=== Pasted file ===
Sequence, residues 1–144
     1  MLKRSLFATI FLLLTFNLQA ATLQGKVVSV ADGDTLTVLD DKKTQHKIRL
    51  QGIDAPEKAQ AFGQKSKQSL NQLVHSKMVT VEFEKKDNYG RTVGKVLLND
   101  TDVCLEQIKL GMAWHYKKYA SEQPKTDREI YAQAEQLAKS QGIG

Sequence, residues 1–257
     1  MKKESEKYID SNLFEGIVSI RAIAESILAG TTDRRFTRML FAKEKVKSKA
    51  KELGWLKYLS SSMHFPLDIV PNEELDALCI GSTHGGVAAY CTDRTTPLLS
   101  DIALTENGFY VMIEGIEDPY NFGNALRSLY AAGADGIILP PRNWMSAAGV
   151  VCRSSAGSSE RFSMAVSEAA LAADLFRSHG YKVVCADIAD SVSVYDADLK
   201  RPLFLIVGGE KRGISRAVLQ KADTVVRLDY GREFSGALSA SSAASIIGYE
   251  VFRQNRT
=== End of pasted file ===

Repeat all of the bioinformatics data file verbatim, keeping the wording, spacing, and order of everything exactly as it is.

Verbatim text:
Sequence, residues 1–144
     1  MLKRSLFATI FLLLTFNLQA ATLQGKVVSV ADGDTLTVLD DKKTQHKIRL
    51  QGIDAPEKAQ AFGQKSKQSL NQLVHSKMVT VEFEKKDNYG RTVGKVLLND
   101  TDVCLEQIKL GMAWHYKKYA SEQPKTDREI YAQAEQLAKS QGIG

Sequence, residues 1–257
     1  MKKESEKYID SNLFEGIVSI RAIAESILAG TTDRRFTRML FAKEKVKSKA
    51  KELGWLKYLS SSMHFPLDIV PNEELDALCI GSTHGGVAAY CTDRTTPLLS
   101  DIALTENGFY VMIEGIEDPY NFGNALRSLY AAGADGIILP PRNWMSAAGV
   151  VCRSSAGSSE RFSMAVSEAA LAADLFRSHG YKVVCADIAD SVSVYDADLK
   201  RPLFLIVGGE KRGISRAVLQ KADTVVRLDY GREFSGALSA SSAASIIGYE
   251  VFRQNRT